John F. McBlaln, Ninth Cavalry, to be
captain; Second Lieut. Lawrence J. Flem
ing, Tenth Cavalry, to be first lieutenant:
Second Lieut. James J. Hornbrook, Second
Cavalry, to be first lieutenant; Second
Lieut. William Franklin Clark, Seventh
Cavalry, to be first lieutenant; Second
Lieut. Samuel G. Jones, jr., Second Cav
alry, to be first lieutenant; Second Lieut.
Owen B. Meyer, Second Cavalry, to be
first lieutenant; Second Lieut. Charles J.
Sjnnnond, Seventh Cavalry, to be first
N vy Lieut. Charles E. Colahan, to be
lieutenant commander; Lieut., juniorgrade,
Theo. G. Dewey, to be a lieutenant; En
sign Henry F. Bryan, to be a lieutenant,
junior grade; Timothy S. O'Leary, of
Massachusetts, to be an assistant pay
master in the Navy
Assistant surgeons to be past assist
ant surgeons: Henry La Motte, James F.
Leys, Frank C. Cook, Charles P. Kindle
berger, Charies E. Riggs, Richard G. Brod
crick, Ammen Farenholt.
SYMPATHY FOR STRIKERS.
Pressmen's Union Offers Substan
tial Aid to the Coal Miners.
At a meeting of the Printing Pressmen's
I'nion, held last evening, resolutions offered
by Mr. Joseph J. Birmingham were unani
mously adopted expressing sympathy with
the striking coal miners.
The resolutions further request the offi
cers of the Ai'ierican Federation ot Lalcr
to call a meeting of the natfonal executive
council of the A. F. ot L., and levy an
V3 Off Sale
S5 Tor $7.50" Men's Suits.
s'b.67 Tor 510 .Men's Suits.
Stf.OO for Sl'J.OU Men's Suits.
51O.0U Tor J515.0O Men's Suits.
$13.35 Tor $20.00 Men's Suits.
$1.35 Tor $2.00 Men's rants.
S2.no for $3.00 Men's Pants.
$3.35 Tor $5.00 Meu's Pants.
$4.ou for $.oo Men's Pants.
3-lc.ror 50c. Straw Hafe.
b7c. ror $l.oo straw Hats.
Sl.no for $1.50 Straw Hats.
$1.35 for $2.00 Straw Hats.
13c 2 ror 25c-for Silk Tecks,
rour-m-llands, Bows and Strings
reduced from Hue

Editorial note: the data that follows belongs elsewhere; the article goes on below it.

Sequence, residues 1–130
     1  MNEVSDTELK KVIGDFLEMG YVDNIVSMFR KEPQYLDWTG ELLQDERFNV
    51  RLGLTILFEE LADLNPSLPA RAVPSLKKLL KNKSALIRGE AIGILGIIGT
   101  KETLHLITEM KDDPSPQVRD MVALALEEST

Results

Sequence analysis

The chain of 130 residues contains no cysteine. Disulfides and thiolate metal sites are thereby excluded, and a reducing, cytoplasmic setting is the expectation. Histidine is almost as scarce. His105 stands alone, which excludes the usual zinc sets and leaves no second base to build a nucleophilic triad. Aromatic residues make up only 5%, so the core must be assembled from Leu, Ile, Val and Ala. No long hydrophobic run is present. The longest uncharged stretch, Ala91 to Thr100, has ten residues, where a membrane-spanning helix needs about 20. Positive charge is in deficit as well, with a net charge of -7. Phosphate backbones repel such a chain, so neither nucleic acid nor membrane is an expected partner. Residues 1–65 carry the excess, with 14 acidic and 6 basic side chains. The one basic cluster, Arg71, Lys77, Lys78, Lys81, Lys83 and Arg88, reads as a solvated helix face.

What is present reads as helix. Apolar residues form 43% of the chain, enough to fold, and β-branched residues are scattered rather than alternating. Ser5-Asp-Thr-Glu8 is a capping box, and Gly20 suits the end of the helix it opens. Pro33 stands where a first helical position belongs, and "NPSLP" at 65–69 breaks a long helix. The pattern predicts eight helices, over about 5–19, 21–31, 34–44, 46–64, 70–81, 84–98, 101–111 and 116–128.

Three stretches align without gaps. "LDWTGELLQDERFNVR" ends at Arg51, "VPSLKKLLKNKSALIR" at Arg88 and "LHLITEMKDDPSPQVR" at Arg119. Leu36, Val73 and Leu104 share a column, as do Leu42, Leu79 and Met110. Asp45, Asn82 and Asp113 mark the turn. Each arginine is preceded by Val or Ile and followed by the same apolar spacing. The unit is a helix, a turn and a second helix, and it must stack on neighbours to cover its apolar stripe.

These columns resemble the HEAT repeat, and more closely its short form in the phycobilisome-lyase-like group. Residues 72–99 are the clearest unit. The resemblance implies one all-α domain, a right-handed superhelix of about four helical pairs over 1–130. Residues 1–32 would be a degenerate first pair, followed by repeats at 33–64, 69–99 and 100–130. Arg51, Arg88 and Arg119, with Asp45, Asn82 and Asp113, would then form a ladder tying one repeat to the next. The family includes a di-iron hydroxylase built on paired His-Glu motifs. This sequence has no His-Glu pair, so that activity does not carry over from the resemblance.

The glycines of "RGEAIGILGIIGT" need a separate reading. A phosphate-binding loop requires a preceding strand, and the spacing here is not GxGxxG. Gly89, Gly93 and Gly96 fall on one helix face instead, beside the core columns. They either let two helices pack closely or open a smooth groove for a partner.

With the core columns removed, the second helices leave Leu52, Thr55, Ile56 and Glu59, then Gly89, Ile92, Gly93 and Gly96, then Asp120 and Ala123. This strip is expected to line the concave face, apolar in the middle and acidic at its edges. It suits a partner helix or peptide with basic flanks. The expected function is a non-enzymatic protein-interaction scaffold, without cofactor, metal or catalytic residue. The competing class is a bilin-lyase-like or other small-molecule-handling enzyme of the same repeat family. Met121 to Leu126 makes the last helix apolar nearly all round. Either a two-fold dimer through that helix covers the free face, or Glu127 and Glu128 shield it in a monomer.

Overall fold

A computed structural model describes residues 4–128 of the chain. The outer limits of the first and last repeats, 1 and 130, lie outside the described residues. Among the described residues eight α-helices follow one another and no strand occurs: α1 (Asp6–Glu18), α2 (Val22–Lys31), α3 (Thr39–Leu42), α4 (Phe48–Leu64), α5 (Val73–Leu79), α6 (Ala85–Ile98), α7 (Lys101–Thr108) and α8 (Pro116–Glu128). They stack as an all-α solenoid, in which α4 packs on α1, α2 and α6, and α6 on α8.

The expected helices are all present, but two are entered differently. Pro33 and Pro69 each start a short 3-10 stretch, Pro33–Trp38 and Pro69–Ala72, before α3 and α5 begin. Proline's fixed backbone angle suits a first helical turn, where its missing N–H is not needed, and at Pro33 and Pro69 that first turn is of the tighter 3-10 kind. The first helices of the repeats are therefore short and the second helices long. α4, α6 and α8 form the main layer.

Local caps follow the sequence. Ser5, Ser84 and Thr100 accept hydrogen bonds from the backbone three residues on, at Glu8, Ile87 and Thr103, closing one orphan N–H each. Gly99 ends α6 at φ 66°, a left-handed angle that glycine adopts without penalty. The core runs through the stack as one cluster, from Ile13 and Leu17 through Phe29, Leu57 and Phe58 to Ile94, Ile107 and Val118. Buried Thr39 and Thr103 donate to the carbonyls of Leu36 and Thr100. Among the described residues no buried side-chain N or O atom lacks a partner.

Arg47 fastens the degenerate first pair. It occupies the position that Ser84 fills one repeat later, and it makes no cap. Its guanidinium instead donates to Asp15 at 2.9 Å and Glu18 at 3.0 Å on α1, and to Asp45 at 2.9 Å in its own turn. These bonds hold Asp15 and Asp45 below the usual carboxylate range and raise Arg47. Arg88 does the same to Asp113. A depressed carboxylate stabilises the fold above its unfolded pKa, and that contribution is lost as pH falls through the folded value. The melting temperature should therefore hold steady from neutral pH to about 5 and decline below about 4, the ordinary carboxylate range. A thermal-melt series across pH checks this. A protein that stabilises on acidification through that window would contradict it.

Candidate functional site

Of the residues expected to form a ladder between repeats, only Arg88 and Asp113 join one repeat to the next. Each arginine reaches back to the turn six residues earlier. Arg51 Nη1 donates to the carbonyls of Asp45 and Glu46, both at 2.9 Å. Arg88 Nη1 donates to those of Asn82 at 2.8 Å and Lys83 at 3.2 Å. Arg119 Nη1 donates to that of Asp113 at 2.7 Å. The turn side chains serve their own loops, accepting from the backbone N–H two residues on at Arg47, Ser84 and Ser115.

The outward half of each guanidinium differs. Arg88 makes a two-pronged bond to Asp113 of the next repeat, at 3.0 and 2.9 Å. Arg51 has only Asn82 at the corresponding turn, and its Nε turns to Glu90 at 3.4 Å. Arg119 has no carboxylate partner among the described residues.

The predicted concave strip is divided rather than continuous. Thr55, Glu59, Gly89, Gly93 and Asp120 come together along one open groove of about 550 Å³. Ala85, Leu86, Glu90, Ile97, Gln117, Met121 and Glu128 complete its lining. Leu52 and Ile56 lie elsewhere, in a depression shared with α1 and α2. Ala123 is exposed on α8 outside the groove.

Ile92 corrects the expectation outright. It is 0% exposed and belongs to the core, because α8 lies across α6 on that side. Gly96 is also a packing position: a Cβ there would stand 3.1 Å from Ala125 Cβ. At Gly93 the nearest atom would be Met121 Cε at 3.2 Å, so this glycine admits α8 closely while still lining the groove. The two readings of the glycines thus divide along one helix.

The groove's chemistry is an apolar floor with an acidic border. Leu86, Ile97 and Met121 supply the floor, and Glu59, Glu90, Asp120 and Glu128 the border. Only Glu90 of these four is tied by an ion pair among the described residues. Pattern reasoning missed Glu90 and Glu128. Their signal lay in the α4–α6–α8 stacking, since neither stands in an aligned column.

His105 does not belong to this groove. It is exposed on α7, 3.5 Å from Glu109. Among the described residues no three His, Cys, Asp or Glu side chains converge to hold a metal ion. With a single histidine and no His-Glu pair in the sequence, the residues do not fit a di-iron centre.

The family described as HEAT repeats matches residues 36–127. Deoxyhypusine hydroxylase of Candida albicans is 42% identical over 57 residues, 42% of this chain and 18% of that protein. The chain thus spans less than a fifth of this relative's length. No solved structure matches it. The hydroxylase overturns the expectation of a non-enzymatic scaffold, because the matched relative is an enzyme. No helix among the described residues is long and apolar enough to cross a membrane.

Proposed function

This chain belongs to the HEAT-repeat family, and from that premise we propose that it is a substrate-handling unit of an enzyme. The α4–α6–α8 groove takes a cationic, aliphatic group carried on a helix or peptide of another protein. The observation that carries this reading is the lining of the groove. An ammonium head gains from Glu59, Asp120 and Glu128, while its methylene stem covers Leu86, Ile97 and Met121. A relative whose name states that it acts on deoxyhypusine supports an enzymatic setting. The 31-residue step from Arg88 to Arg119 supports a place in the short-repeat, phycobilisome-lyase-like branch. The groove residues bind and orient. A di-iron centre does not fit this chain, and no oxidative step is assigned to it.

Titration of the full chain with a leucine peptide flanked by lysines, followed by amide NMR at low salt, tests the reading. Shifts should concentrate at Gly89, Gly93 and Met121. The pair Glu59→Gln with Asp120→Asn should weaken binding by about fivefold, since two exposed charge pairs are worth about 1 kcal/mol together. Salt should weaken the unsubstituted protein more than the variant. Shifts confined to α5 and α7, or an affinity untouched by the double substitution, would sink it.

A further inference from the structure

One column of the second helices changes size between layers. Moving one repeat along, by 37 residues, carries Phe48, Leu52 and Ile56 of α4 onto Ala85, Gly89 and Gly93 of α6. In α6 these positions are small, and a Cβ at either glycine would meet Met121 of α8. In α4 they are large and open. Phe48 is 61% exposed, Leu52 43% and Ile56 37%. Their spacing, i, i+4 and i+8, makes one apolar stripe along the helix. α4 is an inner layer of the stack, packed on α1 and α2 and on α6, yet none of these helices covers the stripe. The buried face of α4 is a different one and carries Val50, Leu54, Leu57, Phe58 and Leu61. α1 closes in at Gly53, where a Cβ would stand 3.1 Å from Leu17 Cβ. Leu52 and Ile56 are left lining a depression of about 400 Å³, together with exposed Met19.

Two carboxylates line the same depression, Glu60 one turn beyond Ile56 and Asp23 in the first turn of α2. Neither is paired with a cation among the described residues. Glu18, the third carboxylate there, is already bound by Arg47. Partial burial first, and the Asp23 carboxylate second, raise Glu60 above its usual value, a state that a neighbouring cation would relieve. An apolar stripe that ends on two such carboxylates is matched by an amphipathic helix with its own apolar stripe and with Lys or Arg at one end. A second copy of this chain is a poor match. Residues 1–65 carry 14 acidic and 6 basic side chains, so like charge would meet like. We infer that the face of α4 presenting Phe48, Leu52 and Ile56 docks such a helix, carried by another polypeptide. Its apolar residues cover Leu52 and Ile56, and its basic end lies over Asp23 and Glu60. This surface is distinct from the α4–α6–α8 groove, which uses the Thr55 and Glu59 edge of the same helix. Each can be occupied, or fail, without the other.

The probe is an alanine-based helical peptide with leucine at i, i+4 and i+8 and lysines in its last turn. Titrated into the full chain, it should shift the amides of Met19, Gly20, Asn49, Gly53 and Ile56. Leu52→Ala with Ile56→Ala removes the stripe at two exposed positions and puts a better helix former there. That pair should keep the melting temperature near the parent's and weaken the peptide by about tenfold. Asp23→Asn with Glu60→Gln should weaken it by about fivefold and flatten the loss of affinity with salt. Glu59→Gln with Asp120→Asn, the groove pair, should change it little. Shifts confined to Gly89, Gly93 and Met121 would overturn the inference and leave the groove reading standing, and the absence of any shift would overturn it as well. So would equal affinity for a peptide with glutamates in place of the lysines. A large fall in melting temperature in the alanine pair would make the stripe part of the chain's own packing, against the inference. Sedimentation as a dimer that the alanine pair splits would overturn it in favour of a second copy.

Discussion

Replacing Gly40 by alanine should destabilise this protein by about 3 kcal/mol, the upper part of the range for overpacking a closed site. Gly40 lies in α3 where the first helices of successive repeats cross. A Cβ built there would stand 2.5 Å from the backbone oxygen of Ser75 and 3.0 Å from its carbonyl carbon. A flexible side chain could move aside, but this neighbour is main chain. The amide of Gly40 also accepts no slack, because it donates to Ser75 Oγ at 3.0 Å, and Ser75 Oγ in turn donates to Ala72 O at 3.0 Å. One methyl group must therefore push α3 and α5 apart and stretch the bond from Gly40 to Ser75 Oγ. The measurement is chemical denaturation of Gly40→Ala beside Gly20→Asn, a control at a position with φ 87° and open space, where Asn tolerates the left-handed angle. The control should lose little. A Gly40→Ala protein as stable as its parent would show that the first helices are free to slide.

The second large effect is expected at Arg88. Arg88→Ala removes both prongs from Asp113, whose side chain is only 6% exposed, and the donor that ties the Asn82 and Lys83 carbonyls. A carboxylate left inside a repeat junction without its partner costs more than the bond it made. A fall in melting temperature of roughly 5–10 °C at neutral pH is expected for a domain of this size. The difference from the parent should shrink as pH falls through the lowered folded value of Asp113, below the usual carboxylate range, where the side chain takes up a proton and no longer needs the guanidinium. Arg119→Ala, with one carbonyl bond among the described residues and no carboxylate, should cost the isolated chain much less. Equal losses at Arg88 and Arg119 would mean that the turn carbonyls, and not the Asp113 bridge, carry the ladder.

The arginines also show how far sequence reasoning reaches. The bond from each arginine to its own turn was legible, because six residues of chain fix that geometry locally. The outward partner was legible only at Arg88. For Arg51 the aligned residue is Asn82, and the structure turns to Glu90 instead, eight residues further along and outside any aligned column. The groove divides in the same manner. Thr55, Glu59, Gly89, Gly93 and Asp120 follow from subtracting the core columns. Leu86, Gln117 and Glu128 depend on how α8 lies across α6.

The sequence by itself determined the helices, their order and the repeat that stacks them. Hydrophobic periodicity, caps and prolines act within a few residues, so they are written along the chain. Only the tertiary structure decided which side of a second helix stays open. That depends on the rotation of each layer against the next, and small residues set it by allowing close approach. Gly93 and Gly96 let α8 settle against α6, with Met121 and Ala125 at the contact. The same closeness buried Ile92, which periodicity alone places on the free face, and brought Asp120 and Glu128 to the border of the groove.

30c Tor Men's Golf Hose-worth
up to uyc.
25c ror seme Children's Sweaters
reduced rrorn 5uc
3Uc Tor Men's Sailor-collar Sweaters-reduced
5Jc reduced rrom $1 ror Men's
and Boy's, All-wool Sailor-collar
35c- -reduced rrom 50c for some
"oddi-and-ends" in Men's Laun
dered Negligee Shirts.
75c -reduced from $1 ror one lot
or Men's Laundered Negligee Shirts,
with collars and cufis attached
and one lot with detached cuffs
and no cellars.
7Uc ror best Lisle Thread Under
wearreduced rrom SI.
70c Tor Men's Night Hcbea re
duced rrom $1.
Cor. Tin and E Sts. N. W.
No Branch Store In Washington.
NOTiUK All persons knowing MrsT Marr
uobercs are requested to call at No. 8
tn st. ne. it
L.VTENSION OF HIGHWAYS IN THE
DISTRICT OF COLUMBIA Waahingtod.
July l, 1897. To whom it may concern:
tue commission treated by section 2 of
Vtffi.?ct of cngress approved March 2.
ifaJJ, entitled "An act to provide a per
manent system or highways in that part
' tUt; .ph'inctof Columbia lying outside or
cities, has received from the Commis
sioners or the District or Columbia a certl
neu copy of a map showing a proposed
permanent system of highways In tha
District o f Columbia within the area
bounded by North Capitol atreet, FJorhla
avenue. Eastern Branca, aad the District
.." ,.Tuls maP and Pints showing in de
tail how each lot and tract is affected by
the proposed system of highways, are bow
on exhibition iu Room It. 4th ficor. ot the
District Buildup AH persons interested
are invited to examine the map and plats.
I he commission will consider any sugges
tion or protest concerning tbe locxton or
any hi;nway or portion or a highway as
shown on the map. The suggestions and
protests must be m writing and must set
forth clearly the reasons for the changes
?nU yiow the property owned or controlled
by the objector. AH protects, etc.. muss
be submitted on or tvrore tbe FIRST OF
OCTOBER. 197. and be addressed to the
Chief on Engineers, u. S. Army. "War De
partment, Washington, D C. The com
miKsion will meet Octolier 15, 1SS7. at li
o clock a. in., in the orfice of the Secre
tary of War. to dispose of all objections,
and will then hear o rail v from those who de-
JOHN M WILSON, Chief of Engineers. IL